Use and articulation of local energy storage technologies and smart micro grids for and by local energy collectives
Postdoc: B.P. (Binod) Koirala, MSc
Innovations in renewable energy technologies (PV and windmills) allowed for a fast rise of small scale locally organized energy collectives that generate electricity in a decentralized, distributed way. New sustainable forms of local energy storage and smart microgrids could possibly enhance the transformative role of local energy collectives, yet a careful alignment of technical, demand and political articulation of these new technologies will be required to realize a successful uptake in local collectives. This project will focus on the articulation of two Dutch promising energy storage innovations, the seasalt battery of Dr Ten and the heat storage system of Ecovat. The seasalt battery promises a sustainable, clean, and relatively cheap storage of electricity produced by renewable sources during the day. This system can be applied on the level of households. Ecovat stores heat in the summer, that can be retrieved in wintertime. This storage system functions at the level of neighborhoods. Both new storage technologies are currently developed at the level of working prototypes.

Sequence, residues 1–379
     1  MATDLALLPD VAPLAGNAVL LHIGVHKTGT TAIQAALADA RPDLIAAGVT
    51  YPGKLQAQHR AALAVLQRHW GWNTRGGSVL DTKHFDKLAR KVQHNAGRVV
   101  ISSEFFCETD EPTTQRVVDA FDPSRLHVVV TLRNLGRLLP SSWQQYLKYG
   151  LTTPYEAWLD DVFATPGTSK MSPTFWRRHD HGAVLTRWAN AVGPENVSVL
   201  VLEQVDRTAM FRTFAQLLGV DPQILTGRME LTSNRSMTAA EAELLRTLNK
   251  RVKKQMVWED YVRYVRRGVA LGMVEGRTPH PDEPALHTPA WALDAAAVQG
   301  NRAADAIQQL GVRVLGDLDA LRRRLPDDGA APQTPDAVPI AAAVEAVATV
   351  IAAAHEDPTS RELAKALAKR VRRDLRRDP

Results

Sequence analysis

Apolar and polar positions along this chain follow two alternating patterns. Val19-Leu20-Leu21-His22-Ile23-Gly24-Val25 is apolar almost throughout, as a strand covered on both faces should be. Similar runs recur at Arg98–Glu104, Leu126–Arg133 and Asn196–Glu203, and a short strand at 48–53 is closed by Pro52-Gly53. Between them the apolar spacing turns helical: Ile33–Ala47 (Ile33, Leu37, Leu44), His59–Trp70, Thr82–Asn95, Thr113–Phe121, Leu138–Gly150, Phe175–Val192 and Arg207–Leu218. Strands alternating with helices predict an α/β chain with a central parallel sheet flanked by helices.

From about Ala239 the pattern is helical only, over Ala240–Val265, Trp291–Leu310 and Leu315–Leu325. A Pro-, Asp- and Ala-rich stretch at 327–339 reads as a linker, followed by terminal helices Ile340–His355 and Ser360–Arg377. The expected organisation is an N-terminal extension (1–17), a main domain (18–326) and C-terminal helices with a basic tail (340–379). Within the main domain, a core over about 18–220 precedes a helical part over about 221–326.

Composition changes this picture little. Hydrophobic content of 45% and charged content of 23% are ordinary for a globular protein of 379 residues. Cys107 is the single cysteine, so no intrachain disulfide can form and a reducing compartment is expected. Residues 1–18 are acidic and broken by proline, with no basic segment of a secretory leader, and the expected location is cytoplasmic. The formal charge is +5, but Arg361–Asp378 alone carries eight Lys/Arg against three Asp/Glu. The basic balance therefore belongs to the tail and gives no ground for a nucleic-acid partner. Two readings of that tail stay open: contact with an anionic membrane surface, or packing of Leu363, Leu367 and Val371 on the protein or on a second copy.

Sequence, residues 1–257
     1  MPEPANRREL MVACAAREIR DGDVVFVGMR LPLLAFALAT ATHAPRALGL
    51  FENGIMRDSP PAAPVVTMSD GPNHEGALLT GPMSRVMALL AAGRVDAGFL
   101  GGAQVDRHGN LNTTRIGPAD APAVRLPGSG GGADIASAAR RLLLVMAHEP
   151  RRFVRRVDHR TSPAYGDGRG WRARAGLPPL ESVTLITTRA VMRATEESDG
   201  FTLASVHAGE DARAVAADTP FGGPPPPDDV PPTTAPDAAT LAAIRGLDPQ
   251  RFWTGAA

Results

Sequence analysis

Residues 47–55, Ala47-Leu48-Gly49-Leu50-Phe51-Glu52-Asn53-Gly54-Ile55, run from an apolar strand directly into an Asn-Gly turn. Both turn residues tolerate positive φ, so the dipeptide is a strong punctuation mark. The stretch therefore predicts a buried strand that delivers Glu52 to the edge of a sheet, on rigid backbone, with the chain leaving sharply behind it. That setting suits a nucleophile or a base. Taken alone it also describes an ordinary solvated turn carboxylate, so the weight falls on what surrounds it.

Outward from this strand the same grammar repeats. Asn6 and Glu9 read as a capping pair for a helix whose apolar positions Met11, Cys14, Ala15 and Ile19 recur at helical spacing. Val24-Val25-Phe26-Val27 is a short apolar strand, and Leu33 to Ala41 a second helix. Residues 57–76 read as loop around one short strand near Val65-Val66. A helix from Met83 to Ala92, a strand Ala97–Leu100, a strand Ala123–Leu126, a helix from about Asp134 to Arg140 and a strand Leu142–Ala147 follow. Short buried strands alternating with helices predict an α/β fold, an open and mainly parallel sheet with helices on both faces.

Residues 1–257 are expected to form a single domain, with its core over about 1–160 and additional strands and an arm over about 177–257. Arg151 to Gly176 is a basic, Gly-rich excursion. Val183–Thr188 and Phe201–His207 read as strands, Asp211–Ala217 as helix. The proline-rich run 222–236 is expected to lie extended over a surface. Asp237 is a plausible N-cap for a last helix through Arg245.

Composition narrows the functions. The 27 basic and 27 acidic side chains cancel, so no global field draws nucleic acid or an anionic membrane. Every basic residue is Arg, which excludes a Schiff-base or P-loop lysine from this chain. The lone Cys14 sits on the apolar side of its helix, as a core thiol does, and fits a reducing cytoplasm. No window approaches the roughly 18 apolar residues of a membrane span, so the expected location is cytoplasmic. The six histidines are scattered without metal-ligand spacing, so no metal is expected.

First, we will make an script analysis (Akrich 1992) of both system, to highlight embedded normativies in these smart local storage systems (methods: interviews with designers and engineers. Second, we will setup user pilots for seasalt battery use in collaboration with Dr. Ten and the ICT department of Twente and will empirically study the use experiences (interviews, observations). Furthermore, we will organize co-design workshops with designers and users, aiming to articulate the user demand in energy collectives and aligning them with further technological articulation. For the Ecovat case we will organize and analyze similar co-design workshops with citizen members of energy collectives. In these workshop issues such as privacy, autonomy, sustainability, economic feasibility and ownership are discussed. What are the user/stakeholder perspectives on these issues and how can these issues been taken along in the further technical articulation of these promising energy storage innovation. In doing so this project aims to stimulate social learning to improve alignment and coordination of social and technological innovations. This project too offers a unique opportunity to engage in and learn from reflexive social learning in aligning technical, demand and cultural articulation as a form of responsible innovation in the sustainable local energy storage technologies.
|Last modified:||15 April 2019 4.39 p.m.|